Wednesday, 23 March 2016

Overwintering Monarch Butterflies


On February 26, we made a special pilgrimage – to see the over-wintering Monarch butterflies high in the mountains of MichoacanMexico. The day began serenely at the lovely Agua Blanca canyon-side spa inn in Jungapeo, at an elevation of 4,850 feet above sea level. Gundi started her morning with a long swim in the mineral-rich pool waters, which she says took away the aches and pains of years. In Chris and Allan’s rented Jeep we climbed 5,000 feet via the town of Angangueo to the butterfly-viewing base at El Rosario. This is part of a 56,000-hectare sanctuary for the mariposas monarcas (of which the butterflies only inhabit a fraction), declared a Biosphere Reserve in 1980 and a World Heritage Site in 2008.  From here, it was an hour’s steep climb in thin air another few hundred feet to close to the summit at over 10,000 feet. It is here that millions of monarchs cluster high in the oyamel fir trees, making forays in the sunshine to find water and food from the plentiful forest flowers. On mostly cloudy mornings such as we experienced, the butterflies are lethargic in starting their day, so action on the wing was tempered. Nonetheless, the sight of so many monarchs freely finding their ancestral annual winter home was a mesmerizing one to behold.  With a hundred or so fellow “pilgrims” watching on quietly in awe, this was a profound  and moving spiritual experience, with Nature playing out for a whole species.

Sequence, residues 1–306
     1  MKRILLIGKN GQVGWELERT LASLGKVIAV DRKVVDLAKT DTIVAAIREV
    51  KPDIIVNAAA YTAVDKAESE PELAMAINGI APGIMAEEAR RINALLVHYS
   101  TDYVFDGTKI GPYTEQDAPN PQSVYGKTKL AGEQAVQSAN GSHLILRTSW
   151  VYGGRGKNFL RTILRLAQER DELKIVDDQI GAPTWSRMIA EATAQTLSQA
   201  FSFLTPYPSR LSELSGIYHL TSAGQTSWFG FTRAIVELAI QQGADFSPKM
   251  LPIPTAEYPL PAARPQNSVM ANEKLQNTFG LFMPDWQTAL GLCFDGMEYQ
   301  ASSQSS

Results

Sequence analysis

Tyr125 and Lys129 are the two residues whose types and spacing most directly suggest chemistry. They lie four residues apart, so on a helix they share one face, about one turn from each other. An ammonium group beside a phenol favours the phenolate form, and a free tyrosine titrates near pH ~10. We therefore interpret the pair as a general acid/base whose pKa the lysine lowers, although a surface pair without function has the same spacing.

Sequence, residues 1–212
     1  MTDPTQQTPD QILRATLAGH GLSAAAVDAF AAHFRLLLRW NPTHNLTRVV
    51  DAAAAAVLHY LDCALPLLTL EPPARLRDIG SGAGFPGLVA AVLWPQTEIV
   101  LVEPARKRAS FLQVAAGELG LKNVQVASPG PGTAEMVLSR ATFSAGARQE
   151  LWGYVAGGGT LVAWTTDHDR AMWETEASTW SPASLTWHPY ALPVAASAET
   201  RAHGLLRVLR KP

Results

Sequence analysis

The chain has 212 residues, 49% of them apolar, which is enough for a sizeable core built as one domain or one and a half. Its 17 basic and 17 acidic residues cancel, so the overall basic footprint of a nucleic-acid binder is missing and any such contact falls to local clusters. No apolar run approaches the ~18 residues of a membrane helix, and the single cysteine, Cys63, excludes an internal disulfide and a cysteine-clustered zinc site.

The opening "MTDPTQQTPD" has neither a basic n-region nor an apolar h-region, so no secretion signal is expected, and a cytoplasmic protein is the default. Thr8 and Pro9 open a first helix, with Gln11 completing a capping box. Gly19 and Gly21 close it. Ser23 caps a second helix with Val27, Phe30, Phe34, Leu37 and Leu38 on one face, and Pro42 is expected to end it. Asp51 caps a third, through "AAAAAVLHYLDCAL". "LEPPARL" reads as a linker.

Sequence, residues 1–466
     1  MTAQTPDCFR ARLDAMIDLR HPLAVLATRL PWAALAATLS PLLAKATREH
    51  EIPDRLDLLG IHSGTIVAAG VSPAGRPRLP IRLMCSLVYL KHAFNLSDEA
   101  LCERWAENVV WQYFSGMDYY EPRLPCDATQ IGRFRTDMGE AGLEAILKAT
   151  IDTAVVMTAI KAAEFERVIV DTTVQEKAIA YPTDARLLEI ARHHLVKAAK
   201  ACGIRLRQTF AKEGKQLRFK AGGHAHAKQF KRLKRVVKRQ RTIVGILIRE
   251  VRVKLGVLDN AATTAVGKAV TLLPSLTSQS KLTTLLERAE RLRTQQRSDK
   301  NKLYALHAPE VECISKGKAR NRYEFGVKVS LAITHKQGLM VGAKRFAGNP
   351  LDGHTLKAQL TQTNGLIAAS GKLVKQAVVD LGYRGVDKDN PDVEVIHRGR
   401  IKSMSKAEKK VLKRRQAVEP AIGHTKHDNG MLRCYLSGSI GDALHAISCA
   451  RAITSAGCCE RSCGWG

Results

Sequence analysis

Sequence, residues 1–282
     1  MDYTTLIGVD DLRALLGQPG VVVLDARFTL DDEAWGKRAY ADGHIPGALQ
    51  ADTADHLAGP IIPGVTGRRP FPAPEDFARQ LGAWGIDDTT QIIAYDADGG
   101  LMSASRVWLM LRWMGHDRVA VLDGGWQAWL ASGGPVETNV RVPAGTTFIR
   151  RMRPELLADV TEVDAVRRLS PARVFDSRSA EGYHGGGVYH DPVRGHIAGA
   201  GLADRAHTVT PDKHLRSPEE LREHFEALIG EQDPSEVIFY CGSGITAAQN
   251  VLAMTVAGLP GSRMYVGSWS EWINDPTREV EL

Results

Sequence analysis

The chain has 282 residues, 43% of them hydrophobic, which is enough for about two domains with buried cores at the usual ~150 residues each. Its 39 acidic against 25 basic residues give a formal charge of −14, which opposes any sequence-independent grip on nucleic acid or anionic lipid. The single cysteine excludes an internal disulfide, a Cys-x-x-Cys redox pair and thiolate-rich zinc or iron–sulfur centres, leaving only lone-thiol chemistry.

Monarch butterflies are severely threatened by a number of challenges, all of which are brought on by humanity’s greed and over-reach. Their habitat across their summer feeding and breeding grounds in Canada and the United States, their migration route to the southern states and Mexico, and their over-wintering forests all need ongoing vigilant protection from toxic pesticides, desert-like monocultures, development, mining, and logging in order for their current numbers to be sustained and increased. They are highly dependent on the milkweed with which they have a symbiotic relationship across these vast territories. Our relationship with them has to be symbiotic too, as they pollinate wild flowers, bring us beauty and joy, and as we continue efforts to conserve them as a fellow species. They need us as we need them.